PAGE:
Steaming clothes can be a practical, swift substitute for using a traditional iron. But it’s not all roses and sunshine.
Using a fabric steamer can be tricky if you’re not clued up on steaming essentials. You must know what fabrics can and can’t be exposed to steam, so you don’t ruin your favorite outfits.
Our step-by-step guide will equip you with all the facts on how to steam clothes.
- Not all fabrics can be steamed; avoid plastic-based synthetics, leather, suede, and stained items.
- Suitable fabrics for steaming include cotton, wool, silk, polyester, and fabric mixes like chiffon.
- To steam clothes, use a steamer, a clothes hanger, and hanger clips (optional); hang the garment, prepare the steamer, and steam each section of the clothing.
- Let the fabric dry and cool for at least 15 minutes before wearing or storing the garment.
Can You Steam Any Fabric?
Not every type of fabric can withstand steam. Water transforms from a liquid into a vapor (steam) at 212 degrees Fahrenheit.
Certain materials can be damaged by heat, moisture, or both. These include:
- Plastic-based synthetics: If your garment feels slick and waterproof, it’s likely made from a synthetic fabric (e.g., raincoats). Note that faux leather is typically made of polyvinyl chloride (PVC), a type of plastic. PVC can melt at temperatures as low as 167 degrees Fahrenheit.
- Leather: Excessive heat can cause your stylish leather jacket to shrink. These items are best left to the experts (e.g., dry cleaners who work with leather).
- Suede: Suede is a type of leather product that’s been processed and feels super-soft. As with leather, they require care and should be professionally dry cleaned.
- Stained items: Don’t reach for your fabric steamer if you stain your clothes. The substance could permanently set in the material.
As a rule, you can proceed full steam ahead with the following fabrics. However, always make sure to check the label of the individual garment first:
- Wools (including cashmere, although it’s wrinkle-resistant).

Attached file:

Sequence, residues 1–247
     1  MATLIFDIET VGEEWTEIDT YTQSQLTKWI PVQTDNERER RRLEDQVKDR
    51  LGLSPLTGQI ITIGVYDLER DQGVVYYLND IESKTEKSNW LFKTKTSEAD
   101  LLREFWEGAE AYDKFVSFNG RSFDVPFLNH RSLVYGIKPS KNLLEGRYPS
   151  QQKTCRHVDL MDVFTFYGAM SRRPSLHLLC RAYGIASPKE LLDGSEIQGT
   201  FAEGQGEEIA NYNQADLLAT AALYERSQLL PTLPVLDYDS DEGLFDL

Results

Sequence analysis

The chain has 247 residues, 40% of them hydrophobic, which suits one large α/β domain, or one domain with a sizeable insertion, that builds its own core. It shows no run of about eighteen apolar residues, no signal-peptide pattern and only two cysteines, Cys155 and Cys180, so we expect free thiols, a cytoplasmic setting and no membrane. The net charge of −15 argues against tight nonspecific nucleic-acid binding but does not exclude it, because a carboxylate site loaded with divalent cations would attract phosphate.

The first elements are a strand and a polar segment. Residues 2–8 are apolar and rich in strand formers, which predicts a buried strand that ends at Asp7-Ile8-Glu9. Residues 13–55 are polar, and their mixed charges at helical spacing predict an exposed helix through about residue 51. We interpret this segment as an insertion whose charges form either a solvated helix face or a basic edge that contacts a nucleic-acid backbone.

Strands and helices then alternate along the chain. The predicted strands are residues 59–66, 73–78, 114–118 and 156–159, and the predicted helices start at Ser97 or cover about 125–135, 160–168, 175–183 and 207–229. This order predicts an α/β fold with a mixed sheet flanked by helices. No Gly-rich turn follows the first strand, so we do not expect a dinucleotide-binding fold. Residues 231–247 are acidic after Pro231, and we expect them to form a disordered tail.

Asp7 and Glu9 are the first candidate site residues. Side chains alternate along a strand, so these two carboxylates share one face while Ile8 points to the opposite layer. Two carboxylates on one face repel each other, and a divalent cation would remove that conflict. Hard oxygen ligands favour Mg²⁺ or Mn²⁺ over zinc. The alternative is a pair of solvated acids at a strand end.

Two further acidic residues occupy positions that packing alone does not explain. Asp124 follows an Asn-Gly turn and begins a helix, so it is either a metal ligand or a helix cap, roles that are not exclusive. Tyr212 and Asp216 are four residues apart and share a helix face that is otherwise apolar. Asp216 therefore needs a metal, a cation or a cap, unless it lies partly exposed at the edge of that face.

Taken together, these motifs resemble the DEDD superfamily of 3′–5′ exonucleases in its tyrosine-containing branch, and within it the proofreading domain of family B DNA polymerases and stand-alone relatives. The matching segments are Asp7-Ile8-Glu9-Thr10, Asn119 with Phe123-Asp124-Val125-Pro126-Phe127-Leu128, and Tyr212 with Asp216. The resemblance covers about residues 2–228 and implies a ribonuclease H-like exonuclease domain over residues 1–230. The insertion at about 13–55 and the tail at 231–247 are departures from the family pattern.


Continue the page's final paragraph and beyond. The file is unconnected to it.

- Silks (steaming is recommended for this wrinkle-prone material).
- Mixes of the above-mentioned fabrics, such as chiffon.
How to Steam Clothes
Steaming clothes is a straightforward chore to accomplish. Some of you may even find it enjoyable compared to the drudgery of ironing.
- Time: 5-10 minutes
- Difficulty: Easy
What You’ll Need
- Steam cleaner (with garment attachment)
- Clothes hanger
- Hanger clips (optional)
1. Choose the Best Fabric Steamer for Clothes
You can buy a portable fabric steamer that’s exclusively for clothing. If you have space, you can get a larger one with a built-in hanger.
Alternatively, you can purchase an all-purpose steam cleaner with an attachment for steaming clothes.
If you already own one of these gadgets, check if the manufacturer sells a compatible accessory. Slim nozzles can draw the steaming process out. You may also end up missing spots as you work. So it’s preferable to use an attachment intended for garments.
2. Clear the Surrounding Area
Ensure that children or pets are out of the room to avoid accidents. Use common sense when you choose a work area. Don’t start steaming next to your expensive make-up collection or in front of peeling wallpaper.
3. Hang Up Your Garment
Place the item you want to steam on a hanger. Don’t use cloth-covered hangers; choose plain hard plastic or metal.
Some clothes require a hanger with clips, such as slacks or skirts. If the clips are plastic, make sure you don’t focus the steam on them for too long.
Always Remove Clothing
4. Prepare Your Clothes Steamer
Fill your steamer’s water tank up to capacity and let it heat up. Attach the accessory for clothes (if you have one).
5. Start Steaming
It’s time to steam your clothes. We’ve provided guidelines for different types of garments.
6. Let the Fabric Dry and Cool Completely
Don’t jump into your freshly steamed clothing straight away. Give the fabric time to cool (at least 15 minutes) and dry off before you wear it or put it away.